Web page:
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Do Catholic geologists still take seriously (as literal chronology) Eccles 1:4 "the earth abideth forever" which Saint Thomas Aquinas cites inter alia in his discussion of God and eternity in Summa Theologica?

Accordingly, however, as some receive immutability from Him, they share in His eternity. Thus some receive immutability from God in the way of never ceasing to exist; in that sense it is said of the earth, "it standeth for ever" (Eccles. 1:4).

(Summa Theologica, First Part, Question 10, Article 3)

That is, does Catholic doctrine dictate that Catholic geologists must believe that the Earth is eternal and has existed forever?

(This doctrinal question arose among comments to a different question that was put on hold as off-topic.)

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  • First: Are you asking whether Catholicism officially holds that the physical Earth is eternal? (I believe so, but it could use clarification.) Second: Are you speaking of this reference? If so you should quote and cite it. Commented Apr 9, 2015 at 21:25
  • I have added the reference as you suggest. I don't know whether there is an official answer to the question. Commented Apr 9, 2015 at 22:07
  • Neither do I but one might be able to put something together. Commented Apr 9, 2015 at 22:14
  • I edited the question to be a bit clearer, since some people have voted to close as "unclear". Please edit again or revert if you feel I've misinterpreted the question. Commented Apr 10, 2015 at 16:06
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    The question seems to insert a meaning to the word "Standeth" that was not intended by the original author. The Catholic Church does not in any way suggest that the earth has existed forever,and niether does Solemon. This seems to be a confusion dealing more with Hermeneutics then doctrine.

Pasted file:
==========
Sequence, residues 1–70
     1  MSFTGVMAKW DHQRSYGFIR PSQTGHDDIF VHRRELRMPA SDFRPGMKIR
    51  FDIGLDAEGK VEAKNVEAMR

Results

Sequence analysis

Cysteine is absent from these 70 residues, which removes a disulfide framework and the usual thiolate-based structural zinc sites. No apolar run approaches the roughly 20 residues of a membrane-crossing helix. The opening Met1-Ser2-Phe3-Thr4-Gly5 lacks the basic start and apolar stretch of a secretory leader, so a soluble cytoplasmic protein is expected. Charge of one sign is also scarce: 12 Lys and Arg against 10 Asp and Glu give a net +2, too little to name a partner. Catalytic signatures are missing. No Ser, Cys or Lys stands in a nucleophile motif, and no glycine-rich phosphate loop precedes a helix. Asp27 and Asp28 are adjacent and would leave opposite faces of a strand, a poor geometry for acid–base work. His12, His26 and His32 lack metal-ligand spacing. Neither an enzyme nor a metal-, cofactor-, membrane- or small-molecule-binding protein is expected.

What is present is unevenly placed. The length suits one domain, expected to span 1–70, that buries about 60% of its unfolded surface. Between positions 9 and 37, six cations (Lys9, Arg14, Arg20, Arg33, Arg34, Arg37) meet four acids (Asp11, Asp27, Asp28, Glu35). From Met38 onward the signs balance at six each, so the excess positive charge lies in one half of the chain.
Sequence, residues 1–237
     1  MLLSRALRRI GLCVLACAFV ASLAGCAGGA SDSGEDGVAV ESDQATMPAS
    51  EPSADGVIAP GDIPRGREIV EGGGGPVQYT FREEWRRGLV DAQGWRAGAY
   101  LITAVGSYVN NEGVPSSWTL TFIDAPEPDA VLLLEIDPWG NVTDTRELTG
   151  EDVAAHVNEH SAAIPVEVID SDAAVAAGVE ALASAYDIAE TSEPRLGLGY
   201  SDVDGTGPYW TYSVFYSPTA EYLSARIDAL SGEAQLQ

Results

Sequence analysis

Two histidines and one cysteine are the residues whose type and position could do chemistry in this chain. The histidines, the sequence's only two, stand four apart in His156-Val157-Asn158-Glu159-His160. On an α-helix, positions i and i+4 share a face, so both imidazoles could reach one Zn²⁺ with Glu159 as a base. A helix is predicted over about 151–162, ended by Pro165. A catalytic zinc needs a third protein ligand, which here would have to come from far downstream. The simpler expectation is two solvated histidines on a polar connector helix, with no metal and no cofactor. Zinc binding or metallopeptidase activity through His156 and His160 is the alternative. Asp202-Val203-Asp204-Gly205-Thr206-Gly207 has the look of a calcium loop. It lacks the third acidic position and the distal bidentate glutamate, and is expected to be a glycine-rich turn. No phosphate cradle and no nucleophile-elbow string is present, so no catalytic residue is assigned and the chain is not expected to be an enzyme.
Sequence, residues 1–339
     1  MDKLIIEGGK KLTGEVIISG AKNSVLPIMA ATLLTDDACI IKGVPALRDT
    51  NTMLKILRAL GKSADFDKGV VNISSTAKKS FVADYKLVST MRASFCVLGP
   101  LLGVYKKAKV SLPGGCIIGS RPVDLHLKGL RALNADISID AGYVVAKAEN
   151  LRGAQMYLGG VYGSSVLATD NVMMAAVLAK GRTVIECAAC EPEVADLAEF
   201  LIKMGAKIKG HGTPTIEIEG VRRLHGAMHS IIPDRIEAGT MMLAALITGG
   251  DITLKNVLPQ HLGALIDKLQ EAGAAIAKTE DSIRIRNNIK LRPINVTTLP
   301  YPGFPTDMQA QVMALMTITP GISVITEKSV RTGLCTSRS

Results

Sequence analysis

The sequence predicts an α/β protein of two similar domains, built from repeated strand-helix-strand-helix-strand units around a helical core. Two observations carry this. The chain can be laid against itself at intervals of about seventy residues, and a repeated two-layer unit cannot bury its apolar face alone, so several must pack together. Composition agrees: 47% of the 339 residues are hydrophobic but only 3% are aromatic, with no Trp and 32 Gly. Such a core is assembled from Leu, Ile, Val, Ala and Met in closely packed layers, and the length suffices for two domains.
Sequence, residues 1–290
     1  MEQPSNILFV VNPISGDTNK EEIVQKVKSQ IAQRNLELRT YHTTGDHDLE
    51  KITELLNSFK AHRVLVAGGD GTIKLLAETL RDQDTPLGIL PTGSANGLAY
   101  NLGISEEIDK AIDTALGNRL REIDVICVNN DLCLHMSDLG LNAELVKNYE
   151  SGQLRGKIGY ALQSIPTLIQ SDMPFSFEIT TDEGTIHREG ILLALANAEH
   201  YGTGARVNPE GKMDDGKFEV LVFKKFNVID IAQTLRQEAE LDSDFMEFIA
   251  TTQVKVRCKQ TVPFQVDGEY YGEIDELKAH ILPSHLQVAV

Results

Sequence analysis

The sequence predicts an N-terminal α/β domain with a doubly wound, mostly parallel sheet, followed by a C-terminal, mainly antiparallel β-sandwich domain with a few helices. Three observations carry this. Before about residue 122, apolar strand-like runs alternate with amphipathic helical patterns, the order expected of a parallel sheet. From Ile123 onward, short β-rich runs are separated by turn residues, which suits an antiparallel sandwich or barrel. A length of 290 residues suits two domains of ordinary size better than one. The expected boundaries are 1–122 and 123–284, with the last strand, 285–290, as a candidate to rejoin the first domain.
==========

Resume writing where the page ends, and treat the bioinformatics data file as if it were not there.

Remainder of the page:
– Marc
    Commented Apr 11, 2015 at 12:48

1 Answer 1

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Unpacking erroneous reasoning and conclusion.

How does

Eccl: 1:4 A generation goes, and a generation comes, but the earth remains for ever.

together with

St. Thomas: Thus some receive immutability from God in the way of never ceasing to exist; in that sense it is said of the earth, "it standeth for ever" (Eccles. 1:4).

mean

the Earth is eternal and has existed forever.

The very St. Thomas quote that the OP presents indicate just the contrary.

as some receive immutability from Him, they share in His eternity. Thus some receive immutability from God in the way of never ceasing to exist[.]

My reading of this is that it is not that the "some" (earth being an example) that St. Thomas speaks about are eternal and have existed forever, but that [with their creation] they have received immutability from God in the way of never ceasing to exist[.]

Thus those "some" (according to Catholic teaching e.g. the Angels and our souls) have a beginning and no end and not that they are eternal and have existed forever.

It is Catholic belief consistent with Scripture [Cf. Gn 1:1] that everything apart from God has been created by God and had a beginning. Cf. the Creed.

The Apostles Creed I believe in God,the Father almighty, creator of heaven and earth.

The Nicene Creed We believe in one God, the Father, the Almighty, maker of heaven and earth, and of all that is, seen and unseen.


The Catholic Church has always taught that the earth had a beginning and the God was its creator. The theory of an an ageless, steady-state Universe is of science.


What is the Church's relationship with science?

The Church's business is the salvation of souls and teaching faith and morals. What the Church does as regards the sciences is make a judgment as to whether a science or its methodology or its conclusions are in accordance with or contrary to faith and morals, and it to this judgment that her children must adhere (vs. dictate what the believe) if they care for the salvation of their souls.

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